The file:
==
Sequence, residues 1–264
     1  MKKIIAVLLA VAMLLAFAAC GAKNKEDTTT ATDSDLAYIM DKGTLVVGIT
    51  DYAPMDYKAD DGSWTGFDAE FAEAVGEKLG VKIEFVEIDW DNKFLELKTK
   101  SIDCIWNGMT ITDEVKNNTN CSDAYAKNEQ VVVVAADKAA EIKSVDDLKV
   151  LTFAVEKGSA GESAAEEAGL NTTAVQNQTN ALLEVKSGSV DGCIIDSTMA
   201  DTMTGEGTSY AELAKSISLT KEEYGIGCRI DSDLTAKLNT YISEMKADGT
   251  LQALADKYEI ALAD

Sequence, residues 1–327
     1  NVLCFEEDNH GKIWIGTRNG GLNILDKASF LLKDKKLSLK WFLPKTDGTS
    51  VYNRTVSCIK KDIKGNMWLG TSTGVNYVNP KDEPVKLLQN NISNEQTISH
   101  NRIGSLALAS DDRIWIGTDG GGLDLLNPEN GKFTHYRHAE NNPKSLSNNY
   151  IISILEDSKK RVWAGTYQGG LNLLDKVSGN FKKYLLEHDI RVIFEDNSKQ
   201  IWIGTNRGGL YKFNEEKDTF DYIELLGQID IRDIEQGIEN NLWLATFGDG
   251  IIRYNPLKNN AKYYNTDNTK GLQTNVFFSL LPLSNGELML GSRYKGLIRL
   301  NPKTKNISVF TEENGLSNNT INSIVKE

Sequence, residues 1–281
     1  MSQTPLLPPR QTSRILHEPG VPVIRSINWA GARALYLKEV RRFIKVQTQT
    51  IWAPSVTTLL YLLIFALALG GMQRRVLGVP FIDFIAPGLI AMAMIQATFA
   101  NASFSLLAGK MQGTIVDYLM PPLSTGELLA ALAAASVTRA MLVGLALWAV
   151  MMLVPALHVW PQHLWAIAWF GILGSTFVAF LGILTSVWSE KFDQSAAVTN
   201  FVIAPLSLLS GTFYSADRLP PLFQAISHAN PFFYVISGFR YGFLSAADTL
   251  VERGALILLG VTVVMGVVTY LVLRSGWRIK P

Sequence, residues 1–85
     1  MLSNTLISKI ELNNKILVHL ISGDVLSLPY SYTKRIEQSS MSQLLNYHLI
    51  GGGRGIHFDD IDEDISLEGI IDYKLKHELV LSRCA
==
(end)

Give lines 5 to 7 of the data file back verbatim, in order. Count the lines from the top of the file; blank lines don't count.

   151  LTFAVEKGSA GESAAEEAGL NTTAVQNQTN ALLEVKSGSV DGCIIDSTMA
   201  DTMTGEGTSY AELAKSISLT KEEYGIGCRI DSDLTAKLNT YISEMKADGT
   251  LQALADKYEI ALAD